Giro TTT: Slipstream’s American Vande Velde in the lead

Christian Vande Velde might have the pink jersey, but it was a team victory in every sense of the word Saturday for Slipstream-Chipotle in the 23.6km team time trial to open the 91st Giro d’Italia. Vande Velde, 31, becomes the first American since Andy Hampsten won the 1988 Giro to don the prized maglia rosa, but he’d love nothing more than to have eight more to pass among his teammates.

Opening team time trial lands Vande Velde in pink

By Andrew Hood

2008 Giro, stage 1: Chipotle, baby. Vande Velde

2008 Giro, stage 1: Chipotle, baby. Vande Velde

Photo: Graham Watson

Christian Vande Velde might have the pink jersey, but it was a team victory in every sense of the word Saturday for Slipstream-Chipotle in the 23.6km team time trial to open the 91st Giro d’Italia.

Vande Velde, 31, becomes the first American since Andy Hampsten won the 1988 Giro to don the prized maglia rosa, but he’d love nothing more than to have eight more to pass among his teammates.

“We’re over the moon. It’s amazing,” Vande Velde said. “We’re happy with one day in pink. The next objective for me would be to pass it to one of my teammates. It wasn’t me who won today, it was my team.”

Slipstream’s grand tour debut couldn’t have gone better. David Millar called the performance a “perfect team time trial.”

“We’ve been working on this stage for a week to be ready. The objective was to win today. The victory is huge for our team,” said Millar, who peeled off in the final kilometer. “A perfect team time trial is when five arrive to the line. Everyone should give the absolute maximum until they can’t pull through.”

With three national time trial jerseys represented on the nine-man team (Millar in British, Dave Zabriskie in American and Ryder Hesjedal in Canadian), Slipstream delivered a superb performance under cloudy skies on the mostly flat, out-and-back course between bustling Palermo and the beach town at Mondello.

Vande Velde stabbed his bike across the line with the minimum of five riders coming through to stop the clock at 26:32 with an average speed of 53.366kph.

Vande Velde seeing pink

Vande Velde seeing pink

Photo: Lennard Zinn

The time secured a six-second victory over Team CSC with U.S.-registered High Road stopping the clock at seven seconds slower to slot in for third. Astana, racing with Levi Leipheimer and Tour de France champion Alberto Contador, came through seventh at 29 seconds slower.

With four starting Americans, Slipstream wasn’t tempted by the chance to put another American in pink and agreed to sprint it to the line regardless of who crossed over first.

“Dave (Zabriskie) said that he didn’t want to finish first because he wanted to avoid this press conference,” Vande Velde joked. “First we wanted to win. We didn’t want to take the chance of making Dave go first, or me, or whoever, and lose by one second. That would be horrible. We didn’t want to take that chance and decided it was the fastest person across the line.”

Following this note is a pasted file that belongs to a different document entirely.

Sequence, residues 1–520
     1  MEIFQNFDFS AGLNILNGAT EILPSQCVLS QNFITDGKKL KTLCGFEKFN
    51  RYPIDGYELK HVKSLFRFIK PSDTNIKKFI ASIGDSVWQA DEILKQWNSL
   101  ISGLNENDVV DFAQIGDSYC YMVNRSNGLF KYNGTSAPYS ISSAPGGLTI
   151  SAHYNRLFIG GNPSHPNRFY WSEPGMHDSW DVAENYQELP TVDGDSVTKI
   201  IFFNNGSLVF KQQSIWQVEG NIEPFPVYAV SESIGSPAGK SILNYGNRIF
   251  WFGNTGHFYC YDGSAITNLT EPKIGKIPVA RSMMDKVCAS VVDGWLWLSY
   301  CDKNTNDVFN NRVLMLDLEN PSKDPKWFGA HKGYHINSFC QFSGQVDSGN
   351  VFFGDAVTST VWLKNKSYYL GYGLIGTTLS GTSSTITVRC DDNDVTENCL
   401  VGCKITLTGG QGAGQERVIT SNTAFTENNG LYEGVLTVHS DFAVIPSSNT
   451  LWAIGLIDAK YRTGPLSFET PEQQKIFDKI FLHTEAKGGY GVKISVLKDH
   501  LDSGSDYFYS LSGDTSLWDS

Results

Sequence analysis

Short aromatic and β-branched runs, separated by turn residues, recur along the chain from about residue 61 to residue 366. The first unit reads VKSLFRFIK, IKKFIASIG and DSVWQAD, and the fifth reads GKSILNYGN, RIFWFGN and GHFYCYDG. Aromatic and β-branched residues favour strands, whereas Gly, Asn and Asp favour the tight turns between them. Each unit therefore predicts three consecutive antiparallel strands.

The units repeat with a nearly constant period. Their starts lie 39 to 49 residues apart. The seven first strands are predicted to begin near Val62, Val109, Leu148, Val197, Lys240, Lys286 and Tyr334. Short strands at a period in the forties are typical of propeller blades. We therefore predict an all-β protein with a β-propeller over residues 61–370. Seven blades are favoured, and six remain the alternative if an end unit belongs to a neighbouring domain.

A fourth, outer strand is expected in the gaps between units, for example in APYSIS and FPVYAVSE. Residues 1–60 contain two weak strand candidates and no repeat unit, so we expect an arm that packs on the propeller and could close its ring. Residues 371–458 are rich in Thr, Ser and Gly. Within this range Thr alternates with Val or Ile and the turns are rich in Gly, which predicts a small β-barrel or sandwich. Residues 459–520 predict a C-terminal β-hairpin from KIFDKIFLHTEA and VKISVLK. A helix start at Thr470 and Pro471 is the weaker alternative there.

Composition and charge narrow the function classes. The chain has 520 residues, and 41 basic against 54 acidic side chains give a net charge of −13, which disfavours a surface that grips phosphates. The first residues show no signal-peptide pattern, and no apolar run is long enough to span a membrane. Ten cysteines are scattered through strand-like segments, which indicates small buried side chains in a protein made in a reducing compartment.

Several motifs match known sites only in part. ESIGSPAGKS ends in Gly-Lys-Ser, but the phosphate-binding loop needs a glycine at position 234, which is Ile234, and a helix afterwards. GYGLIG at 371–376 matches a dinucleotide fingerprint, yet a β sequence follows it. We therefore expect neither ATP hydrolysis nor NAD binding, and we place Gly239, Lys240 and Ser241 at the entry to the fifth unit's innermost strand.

Zabriskie shares the love

Zabriskie shares the love

Photo: Lennard Zinn

Slipstream’s tactics were to drop riders when they tired and not wait for anyone.

Australian sprinter Chris Sutton was the first to fade, then Danny Pate and Pat McCarty lost contact. All three buried themselves in the first half of the course to let the big guns save their legs for the decisive second half.

Millar lost the wheel in the final kilometer, but Vande Velde, Zabriskie, Julian Dean, Magnus Backstedt and Hesjedal rode in together to post the early fastest time.

“This was the biggest motivation of the race. I think we’re a little more relaxed now, we were pretty stressed beforehand,” said Zabriskie, pointing out his new “Captain America” helmet decals. “We’ve been practicing for a week and a half, so we prepared as best we could.”

Vande Velde on the shoulders of giants

Vande Velde on the shoulders of giants

Photo: Lennard Zinn

Vande Velde had a long wait in the hot seat. Slipstream-Chipotle started seventh out of 22 starting teams to edge Tinkoff, but late starters Team CSC and High Road gave the team a scare.

“CSC was very close. They did a fast first split, but we rode conservatively in the first third of the race and then we drove it home,” Vande Velde said. “When you’re in the hot seat, it’s a horrible feeling. You don’t want to get cocky and be too positive because the carpet can get swept out from under you. There was a little bit of tension on the bus, to say the least.”

The victory is huge for Slipstream, which is racing against the biggest and strongest teams in Europe for the first time this year.

Considered an underdog, Slipstream stepped up with a dramatic victory against the top ProTour and Italian teams. Vande Velde said the victory reminded him of his experience in the 1999 Tour de France when he rode with the upstart U.S. Postal Service team in Lance Armstrong’s first of seven wins.